KIDS GRATEFUL FOR FAMILIES PLAY SANTA TO LESS LUCKY.
They don't have much themselves, many of these Van Nuys school kids reaching out across Los Angeles County today to give some Christmas presents to foster-care kids in Torrance with even less.
They don't have much if you're talking about money and all the nice things it can buy you in life.
But if you're talking about things like happiness and love, well, these fifth-graders in Kristen Dunn's class at Valerio Street Elementary School in Van Nuys are rich.
They have permanent homes to come to after school every day, and they have parents there who love them. Some things foster-care kids don't have.
``I feel sad for them,'' said 10-year-old Israel Herrera, wrapping a Christmas present at school Monday for a boy he will meet for the first time today at a surprise Christmas party for foster-care kids.
``We're excited about meeting them and giving them the presents we bought for them,'' added Samantha Joseph, also 10. ``We know we're pretty lucky.''
Pretty lucky. Yes, said teacher Kristen Dunn. They're all pretty lucky, including herself.
If she hadn't noticed at the beginning of the school year that many of the kids were stopping by the neighborhood liquor store in the morning to pick up their sodas and snacks for school, her kids wouldn't be meeting these foster care kids today and learning just how lucky they are.
School principal Judy Franks listened and agreed with her young teacher. She didn't like the idea of kids stopping at a liquor store on their way to school, either.
``What if we open our own student store so the kids can buy their sodas, snacks and small school items here?'' Dunn asked.
``It would be safer, and we could use the money as a fund-raiser for some needy foundation at holiday time.''
Not only that, but a student store could also be the perfect instructional tool, tying in financial lessons with a good social cause. Go for it, Franks said.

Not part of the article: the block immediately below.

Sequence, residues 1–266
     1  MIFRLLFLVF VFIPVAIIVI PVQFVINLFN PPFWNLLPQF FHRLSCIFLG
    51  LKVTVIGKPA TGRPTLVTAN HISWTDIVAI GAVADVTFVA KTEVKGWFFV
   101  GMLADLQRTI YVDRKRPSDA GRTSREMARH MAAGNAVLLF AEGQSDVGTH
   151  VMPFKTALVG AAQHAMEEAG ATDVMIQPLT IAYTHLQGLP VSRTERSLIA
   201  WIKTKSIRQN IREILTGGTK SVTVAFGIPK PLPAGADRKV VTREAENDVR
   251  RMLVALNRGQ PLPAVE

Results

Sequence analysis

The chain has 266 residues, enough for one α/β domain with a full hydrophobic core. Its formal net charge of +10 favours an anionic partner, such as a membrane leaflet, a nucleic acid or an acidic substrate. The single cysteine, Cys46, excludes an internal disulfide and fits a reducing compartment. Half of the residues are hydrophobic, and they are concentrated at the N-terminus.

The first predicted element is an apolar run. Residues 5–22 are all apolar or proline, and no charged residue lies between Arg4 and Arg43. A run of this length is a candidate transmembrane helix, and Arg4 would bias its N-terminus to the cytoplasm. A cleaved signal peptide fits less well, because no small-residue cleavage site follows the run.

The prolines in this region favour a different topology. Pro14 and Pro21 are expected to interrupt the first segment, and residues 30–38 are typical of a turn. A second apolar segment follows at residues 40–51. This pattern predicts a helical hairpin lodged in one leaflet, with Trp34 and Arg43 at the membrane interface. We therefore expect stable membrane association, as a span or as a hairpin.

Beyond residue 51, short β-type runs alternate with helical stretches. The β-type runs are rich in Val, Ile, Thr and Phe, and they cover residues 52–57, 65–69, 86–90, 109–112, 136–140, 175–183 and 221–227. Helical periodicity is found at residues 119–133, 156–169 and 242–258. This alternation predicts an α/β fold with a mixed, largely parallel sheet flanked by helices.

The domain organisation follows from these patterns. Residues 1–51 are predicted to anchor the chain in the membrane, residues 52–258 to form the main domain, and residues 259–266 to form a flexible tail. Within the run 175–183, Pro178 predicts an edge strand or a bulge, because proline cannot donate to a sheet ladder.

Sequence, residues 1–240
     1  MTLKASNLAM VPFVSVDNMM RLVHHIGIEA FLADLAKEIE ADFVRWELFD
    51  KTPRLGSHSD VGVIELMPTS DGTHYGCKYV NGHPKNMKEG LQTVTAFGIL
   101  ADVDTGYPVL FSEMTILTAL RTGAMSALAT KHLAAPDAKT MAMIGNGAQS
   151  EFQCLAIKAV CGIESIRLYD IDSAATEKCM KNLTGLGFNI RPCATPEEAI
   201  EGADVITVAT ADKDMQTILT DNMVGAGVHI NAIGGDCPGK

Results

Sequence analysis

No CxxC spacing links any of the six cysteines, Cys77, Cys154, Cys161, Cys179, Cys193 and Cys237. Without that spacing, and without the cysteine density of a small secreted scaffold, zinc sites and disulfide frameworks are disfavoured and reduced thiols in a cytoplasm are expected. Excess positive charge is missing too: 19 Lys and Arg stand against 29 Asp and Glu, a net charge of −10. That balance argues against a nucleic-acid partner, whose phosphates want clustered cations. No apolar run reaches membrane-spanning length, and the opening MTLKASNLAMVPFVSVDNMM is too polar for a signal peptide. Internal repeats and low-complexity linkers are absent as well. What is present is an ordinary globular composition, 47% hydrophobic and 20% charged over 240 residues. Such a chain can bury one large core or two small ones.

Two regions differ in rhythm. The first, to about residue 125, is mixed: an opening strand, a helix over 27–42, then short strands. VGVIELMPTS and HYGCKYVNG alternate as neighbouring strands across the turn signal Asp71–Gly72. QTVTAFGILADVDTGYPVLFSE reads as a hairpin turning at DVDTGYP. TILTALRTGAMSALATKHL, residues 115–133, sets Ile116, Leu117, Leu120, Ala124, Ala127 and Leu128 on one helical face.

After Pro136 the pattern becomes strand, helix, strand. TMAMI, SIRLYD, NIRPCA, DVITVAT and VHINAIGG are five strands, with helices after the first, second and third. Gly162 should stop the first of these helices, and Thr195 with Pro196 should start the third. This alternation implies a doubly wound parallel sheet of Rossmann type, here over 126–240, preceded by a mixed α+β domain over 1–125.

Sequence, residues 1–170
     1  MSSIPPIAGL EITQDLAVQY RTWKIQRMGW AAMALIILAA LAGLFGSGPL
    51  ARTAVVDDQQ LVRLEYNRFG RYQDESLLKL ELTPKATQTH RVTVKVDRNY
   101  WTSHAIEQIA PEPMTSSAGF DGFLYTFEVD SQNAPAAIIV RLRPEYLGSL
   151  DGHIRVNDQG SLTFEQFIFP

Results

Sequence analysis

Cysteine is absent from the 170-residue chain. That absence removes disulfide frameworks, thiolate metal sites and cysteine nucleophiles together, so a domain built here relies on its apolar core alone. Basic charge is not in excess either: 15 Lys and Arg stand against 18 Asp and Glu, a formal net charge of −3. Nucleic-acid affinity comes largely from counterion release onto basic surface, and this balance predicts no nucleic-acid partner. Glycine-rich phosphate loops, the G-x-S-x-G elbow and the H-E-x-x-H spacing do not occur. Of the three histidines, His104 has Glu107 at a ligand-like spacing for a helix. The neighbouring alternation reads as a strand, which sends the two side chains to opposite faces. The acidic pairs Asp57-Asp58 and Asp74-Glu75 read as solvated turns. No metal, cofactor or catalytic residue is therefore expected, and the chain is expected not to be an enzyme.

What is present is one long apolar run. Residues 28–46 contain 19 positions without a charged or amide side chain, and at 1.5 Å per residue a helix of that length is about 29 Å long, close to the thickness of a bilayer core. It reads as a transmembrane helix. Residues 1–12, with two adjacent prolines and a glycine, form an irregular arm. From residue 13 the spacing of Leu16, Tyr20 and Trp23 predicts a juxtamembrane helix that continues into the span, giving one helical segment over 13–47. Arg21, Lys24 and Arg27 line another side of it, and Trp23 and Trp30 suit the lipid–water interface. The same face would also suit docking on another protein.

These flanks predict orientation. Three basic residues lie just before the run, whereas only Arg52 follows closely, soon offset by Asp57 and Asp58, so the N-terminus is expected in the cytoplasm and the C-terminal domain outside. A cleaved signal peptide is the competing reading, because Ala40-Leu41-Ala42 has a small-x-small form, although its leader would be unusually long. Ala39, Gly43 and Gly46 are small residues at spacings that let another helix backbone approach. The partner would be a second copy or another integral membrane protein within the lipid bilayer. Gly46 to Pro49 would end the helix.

``We opened the store right out of our classroom, which has two sliding windows,'' Dunn said Monday. ``The kids sell right out the windows to the student body at snack times.
``It turned out to be a huge success and,'' she added, ``kept the kids away from an area we didn't want them to be around.''
When it came time for the student council to decide who would be the beneficiary of more than $500 raised for holiday presents, the plan hit a snag.
There were no shortages of charities and hospitals willing to accept the presents for the kids in their care, but none would allow Dunn's kids to give them in person.
``I called all over until I found one in Torrance that welcomed us to come in person to deliver the presents,'' she said.
``I wanted my kids to experience this giving first-hand, to see for themselves that there's always somebody less fortunate than you, so be thankful.''
Alison Coyne, site administrator for Masada Homes, a private agency that contracts with Los Angeles County for foster care services, said Monday she hasn't told her kids they'll be getting some special visitors today.
``It will be a surprise for them, and we're all excited about seeing the kids meet,'' she said. ``It's going to be the kind of experience where both groups will learn a lot from each other.''
That's the idea, Kristen Dunn said Monday, watching her class wrap up the last of the 30 presents they bought Saturday on a special class shopping trip to the mall.
A trip financed with money that a sharp teacher kept out of a liquor store's till and put into the till over at Valerio Street Elementary School, where the kids are rich in things that matter.
Photo: Teacher Kristen Dunn watches Israel Herrera sell a muffin to Veronica Goodwin as Dunn's fifth-grade students at Valerio Elementary School raise money to buy gifts for kids in foster care.
Hans Gutknecht/Staff Photographer
|Printer friendly Cite/link Email Feedback|
|Publication:||Daily News (Los Angeles, CA)|
|Date:||Dec 21, 1999|
|Previous Article:||GIRLS` BASKETBALL: VIKINGS HOPE CHANGE IS FOR BETTER.|
|Next Article:||PADILLA DRAW CRITICISM OVER VOTER BUSING.|